NBC News is hitting back at reporter Ronan Farrow over his new book "Catch And Kill," which chronicles his investigation into Hollywood producer Harvey Weinstein and reports of sexual misconduct in media and politics.
In the book released Tuesday, Farrow writes that NBC executives tried to slow down or even stop his efforts to uncover Weinstein's alleged sexual misconduct. Farrow worked for NBC News between 2014 and 2017. He eventually left the network and published his report on Weinstein in The New Yorker — a story that helped launch the worldwide #MeToo movement. NBC has said it passed it on the Weinstein story because it didn't have enough on-the-record sources, but that it didn't stop Farrow from publishing the story elsewhere.
The book also dives into NBC's firing of former "Today" anchor Matt Lauer in 2017 over accusations of sexual misconduct. Farrow alleges NBC paid out multiple settlements to employees who complained about Lauer before his dismissal. Lauer has denied any misconduct.
And in a memo to staff Monday, NBC News President Noah Oppenheim reportedly challenged Farrow's work, saying Lauer's alleged abuses "should never have happened" and that the book "takes that undeniable fact and twists it into a lie." He alleged Farrow had an "axe to grind" against the network.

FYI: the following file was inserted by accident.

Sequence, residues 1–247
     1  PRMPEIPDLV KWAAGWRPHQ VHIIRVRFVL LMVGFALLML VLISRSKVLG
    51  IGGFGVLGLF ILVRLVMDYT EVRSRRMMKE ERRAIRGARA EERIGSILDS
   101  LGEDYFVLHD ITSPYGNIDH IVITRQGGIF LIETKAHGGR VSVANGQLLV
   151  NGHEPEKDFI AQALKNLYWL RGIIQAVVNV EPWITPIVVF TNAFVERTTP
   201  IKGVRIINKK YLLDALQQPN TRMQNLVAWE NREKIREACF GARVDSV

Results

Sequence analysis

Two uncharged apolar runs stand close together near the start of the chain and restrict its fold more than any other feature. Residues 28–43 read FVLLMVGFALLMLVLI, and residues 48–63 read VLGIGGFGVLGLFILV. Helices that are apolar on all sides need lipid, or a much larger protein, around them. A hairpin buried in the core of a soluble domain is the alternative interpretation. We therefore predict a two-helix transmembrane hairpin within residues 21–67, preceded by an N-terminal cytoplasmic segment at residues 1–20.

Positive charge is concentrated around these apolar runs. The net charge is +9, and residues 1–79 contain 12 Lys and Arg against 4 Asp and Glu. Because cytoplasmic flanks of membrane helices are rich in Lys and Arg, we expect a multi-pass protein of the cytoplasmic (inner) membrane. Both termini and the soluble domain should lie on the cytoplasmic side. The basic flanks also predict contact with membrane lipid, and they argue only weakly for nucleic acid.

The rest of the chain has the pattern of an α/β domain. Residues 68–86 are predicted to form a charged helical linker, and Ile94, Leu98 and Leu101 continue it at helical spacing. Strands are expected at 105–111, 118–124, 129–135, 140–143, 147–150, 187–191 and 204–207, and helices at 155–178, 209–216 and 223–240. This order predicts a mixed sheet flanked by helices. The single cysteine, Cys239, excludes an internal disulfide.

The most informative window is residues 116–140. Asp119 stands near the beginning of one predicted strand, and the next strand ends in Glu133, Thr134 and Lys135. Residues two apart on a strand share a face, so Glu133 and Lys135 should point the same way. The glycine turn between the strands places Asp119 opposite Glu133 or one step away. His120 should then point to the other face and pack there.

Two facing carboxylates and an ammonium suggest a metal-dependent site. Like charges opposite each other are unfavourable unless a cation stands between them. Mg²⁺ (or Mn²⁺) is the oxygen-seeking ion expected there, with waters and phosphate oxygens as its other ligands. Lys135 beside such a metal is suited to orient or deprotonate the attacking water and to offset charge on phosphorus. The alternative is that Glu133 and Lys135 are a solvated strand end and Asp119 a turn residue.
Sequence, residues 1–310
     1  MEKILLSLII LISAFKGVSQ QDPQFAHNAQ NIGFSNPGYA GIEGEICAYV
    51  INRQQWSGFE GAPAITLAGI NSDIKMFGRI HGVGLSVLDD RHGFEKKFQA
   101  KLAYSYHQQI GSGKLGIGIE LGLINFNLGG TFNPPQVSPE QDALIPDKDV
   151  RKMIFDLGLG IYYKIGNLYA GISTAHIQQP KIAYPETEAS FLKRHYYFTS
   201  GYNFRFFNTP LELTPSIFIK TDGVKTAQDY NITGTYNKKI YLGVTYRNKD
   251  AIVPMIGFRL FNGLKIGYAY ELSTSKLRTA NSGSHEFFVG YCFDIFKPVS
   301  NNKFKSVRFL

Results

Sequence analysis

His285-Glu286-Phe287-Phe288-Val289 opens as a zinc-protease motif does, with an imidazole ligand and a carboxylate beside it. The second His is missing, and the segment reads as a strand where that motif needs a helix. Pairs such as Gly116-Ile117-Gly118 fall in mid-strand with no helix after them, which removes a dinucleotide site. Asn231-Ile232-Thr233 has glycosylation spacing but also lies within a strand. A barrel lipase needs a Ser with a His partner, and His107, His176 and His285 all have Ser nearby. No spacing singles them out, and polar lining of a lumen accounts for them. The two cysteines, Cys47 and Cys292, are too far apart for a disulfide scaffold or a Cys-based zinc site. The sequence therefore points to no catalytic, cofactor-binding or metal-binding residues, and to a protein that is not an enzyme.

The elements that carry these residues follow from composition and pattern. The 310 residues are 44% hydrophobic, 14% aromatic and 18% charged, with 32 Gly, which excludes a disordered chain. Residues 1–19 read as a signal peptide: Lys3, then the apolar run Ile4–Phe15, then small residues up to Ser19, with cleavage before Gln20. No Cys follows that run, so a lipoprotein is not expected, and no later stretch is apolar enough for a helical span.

Oppenheim reportedly wrote: "I feel absolutely terrible that these three employees were subjected to Matt Lauer's horrific behavior, but the facts do not support Farrow's allegation of a 'cover-up,' and he offers no further evidence."
Farrow stood by his reporting Tuesday during an interview with CNN. He said there was an "indisputable" paper trail of settlements paid out by NBC. But he also said his book isn't about NBC's alleged handling of accusations against Lauer or Weinstein.
He said: "We are, correctly, asking tough questions. And the tough journalists at NBC and other places that have been exposed for this kind of pattern of corporate misconduct are asking tough questions about the use of these agreements and the culture of silence. That is bigger than any one network — it is a cultural problem in corporate America."
Additional reporting from Newsy affiliate CNN.